If you've watched more than an hour of TV since the year 2000, chances are you've seen Mo Rocca.
The geeky, bespectacled comedian and all-around media gadfly has appeared on no less than 11 network and cable TV channels, a fact that may lack spectacularity until you consider this: Rocca is a fake expert.
"I tell the truth. All the time," Rocca says in his unflappable air of intellectual authority.
A graduate of Harvard, Rocca is probably best known for being - what else? - a fake reporter on "The Daily Show with Jon Stewart" from 1998 to 2003. Since leaving the program, he has appeared on VH1's "I Love the ..." series and served as a panelist for NPR's "Wait Wait ... Don't Tell Me!"
Between judging haute cuisine on The Food Network's "The Iron Chef" and debating the pros and cons of Lingerie Barbie on Fox News' "The O'Reilly Factor," Rocca managed to land himself a new gig: doling out dating advice to college students.
Tonight at Kansas University, Rocca will give a lecture titled "Gamekillers 101" in which he'll outline for young coeds the pitfalls and perils of the dating world. Specifically, Rocca will define the 14 types of Gamekiller subspecies, different personalities that Rocca dryly says prevent "innocent young males" from "locking down some tail."
How did you get your job with Gamekillers?
I've been doing research for a long time on the mating game in the field and in my laboratory. I really spend a lot of time on my computer studying the mating game for hours on end into the night. And I became familiar with a syndrome that apparently has plagued mankind since, well, the beginning of time, probably. ... It is a syndrome whereby individuals known as gamekillers - that's what we call them in our academic circle - exist solely to come between young men and the women with whom they are trying to mate. I was pursuing these studies when Axe, the makers of an antiperspirant, a celebrated body spray and soft-core pornographic advertising on television, came to me with the offer of a generous grant. This grant enabled me to expand my study and hire some lab assistants.
Q: So you consider yourself an expert at this point in your research?
A: I think our findings hold up under scrutiny. There are other people that are pursuing these studies as well all over the world and with other species, but, using some fairly complicated math models and algorithms, our initial findings have been borne out. I don't know if it falls under the realm of "fact"; I mean, that's always a controversial thing in the scientific world.
Q: Do you use your expertise in your personal life as well?
A: Well, if the question is, "Do I ever get my game killed?," the answer really is no because I never stop talking, and so that makes it difficult to kill my game. As to whether I've ever been a gamekiller myself, I'm a hybrid probably of two. Among the 14 subspecies is one named "IQ." He's the next Google-guy, he's the guy who knows all the "Q" Scrabble words - he's impressive. I'm flattered to be compared to him. At other times, though, I can become quite angry, and I can become "Early Man," which is another one of the 14 subspecies. He is a primal beast. So if you think of, sort of, David Banner turning into the Hulk, that's essentially who I am.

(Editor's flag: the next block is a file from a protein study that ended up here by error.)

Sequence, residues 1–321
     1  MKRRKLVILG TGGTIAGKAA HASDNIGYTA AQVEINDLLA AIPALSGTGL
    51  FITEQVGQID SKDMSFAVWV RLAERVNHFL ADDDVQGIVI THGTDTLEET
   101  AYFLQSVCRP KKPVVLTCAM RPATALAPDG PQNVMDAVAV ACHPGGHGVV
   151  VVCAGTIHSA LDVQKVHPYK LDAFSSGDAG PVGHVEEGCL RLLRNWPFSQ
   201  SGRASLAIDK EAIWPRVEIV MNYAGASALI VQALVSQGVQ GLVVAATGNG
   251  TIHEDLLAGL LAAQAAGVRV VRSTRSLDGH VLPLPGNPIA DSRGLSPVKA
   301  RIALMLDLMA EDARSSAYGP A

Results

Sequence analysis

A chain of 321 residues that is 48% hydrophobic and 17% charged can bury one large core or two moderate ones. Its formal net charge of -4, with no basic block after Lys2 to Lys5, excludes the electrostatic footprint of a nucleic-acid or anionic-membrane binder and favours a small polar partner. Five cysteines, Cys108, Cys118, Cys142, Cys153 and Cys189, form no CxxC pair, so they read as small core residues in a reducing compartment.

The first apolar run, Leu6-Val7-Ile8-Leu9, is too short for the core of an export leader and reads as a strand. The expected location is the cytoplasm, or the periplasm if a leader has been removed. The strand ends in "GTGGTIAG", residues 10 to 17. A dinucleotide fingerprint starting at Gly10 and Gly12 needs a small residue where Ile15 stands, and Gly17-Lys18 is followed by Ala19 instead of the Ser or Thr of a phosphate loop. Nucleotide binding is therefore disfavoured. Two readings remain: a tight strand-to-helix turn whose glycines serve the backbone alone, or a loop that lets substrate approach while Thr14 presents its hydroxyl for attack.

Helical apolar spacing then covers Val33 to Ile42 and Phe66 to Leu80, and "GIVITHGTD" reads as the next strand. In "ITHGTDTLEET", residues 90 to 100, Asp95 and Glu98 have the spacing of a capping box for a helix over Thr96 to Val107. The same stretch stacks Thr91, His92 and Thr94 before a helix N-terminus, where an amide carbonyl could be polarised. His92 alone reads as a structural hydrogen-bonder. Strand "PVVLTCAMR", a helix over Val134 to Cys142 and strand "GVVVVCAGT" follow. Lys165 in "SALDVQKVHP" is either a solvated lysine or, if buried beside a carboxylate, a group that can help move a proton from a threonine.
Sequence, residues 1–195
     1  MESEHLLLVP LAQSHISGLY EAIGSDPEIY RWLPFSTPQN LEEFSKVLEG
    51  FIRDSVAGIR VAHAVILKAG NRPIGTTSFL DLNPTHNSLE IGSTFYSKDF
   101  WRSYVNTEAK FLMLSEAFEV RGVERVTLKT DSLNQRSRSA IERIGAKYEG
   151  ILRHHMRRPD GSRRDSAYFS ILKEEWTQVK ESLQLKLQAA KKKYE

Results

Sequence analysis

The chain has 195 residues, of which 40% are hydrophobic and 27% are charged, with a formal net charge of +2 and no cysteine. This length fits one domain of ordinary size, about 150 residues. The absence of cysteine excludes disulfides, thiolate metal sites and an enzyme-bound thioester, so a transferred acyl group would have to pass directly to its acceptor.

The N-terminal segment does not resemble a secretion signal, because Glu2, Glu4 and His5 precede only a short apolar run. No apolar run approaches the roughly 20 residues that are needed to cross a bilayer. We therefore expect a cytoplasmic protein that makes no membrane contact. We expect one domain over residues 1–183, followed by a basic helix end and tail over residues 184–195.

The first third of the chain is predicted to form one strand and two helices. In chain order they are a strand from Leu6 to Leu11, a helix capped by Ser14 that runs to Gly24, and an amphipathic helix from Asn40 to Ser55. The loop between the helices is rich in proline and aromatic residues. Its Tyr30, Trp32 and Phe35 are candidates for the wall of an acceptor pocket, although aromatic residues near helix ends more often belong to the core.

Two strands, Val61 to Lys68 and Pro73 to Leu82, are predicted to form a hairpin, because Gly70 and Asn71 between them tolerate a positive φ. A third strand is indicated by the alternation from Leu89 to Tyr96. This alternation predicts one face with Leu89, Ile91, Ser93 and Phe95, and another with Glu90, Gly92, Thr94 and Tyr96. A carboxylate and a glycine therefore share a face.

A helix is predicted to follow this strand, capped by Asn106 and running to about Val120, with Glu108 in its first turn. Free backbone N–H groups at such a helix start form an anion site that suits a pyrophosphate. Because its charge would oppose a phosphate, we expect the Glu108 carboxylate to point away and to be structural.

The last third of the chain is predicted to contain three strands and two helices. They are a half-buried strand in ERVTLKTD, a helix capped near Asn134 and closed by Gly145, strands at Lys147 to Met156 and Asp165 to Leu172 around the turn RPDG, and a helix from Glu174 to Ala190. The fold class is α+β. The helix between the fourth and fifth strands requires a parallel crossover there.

Q: This is your second visit to Lawrence. How do you like the town?
A: I'm a big fan of Lawrence, Kansas. Many people know that. I've worn a KU shirt on VH1. Lawrence was a center of abolitionism before other parts of Kansas were.
Q: It's true, but you also wore a K-State T-shirt ...
A: (Interrupting) Well, and let me be clear about that (sighs). Kansas has a history of violence. There are such things as cycles of history. What we don't want is Bleeding Kansas being resurrected, being revisited. And I think if I can be the peacemaker between K-State and KU, I'm happy to wear that hat. I will tell you, because I don't think people in Manhattan will be reading this, I look better in the KU shirt. It's a better color for me; it suits my skin tones more. I think the K-State shirt makes me look washed out. It's a garish purple. God bless the kids at K-State, but I don't think it was the right shirt for me. Now will I go on and wear a Wichita State University shirt? Perhaps. Perhaps it's the only thing to do at this point. The way I see it, KU and K-State have always been the Sunnis and Shiites of Kansas, which I suppose makes Wichita State the Kurds.
Q: How would you respond to a recent Newsweek article that cited a lot of success stories from "The Daily Show," then named you as one of the least successful?
A: I would say that, (laughing) the guy who wrote that, is, I don't think you can use the expression "a**wipe" in a family newspaper. I would say that Newsweek is an adorable little newspaper with a median age readership of 78. And thank God for increased life expectancy, because it will hold on for a few more years.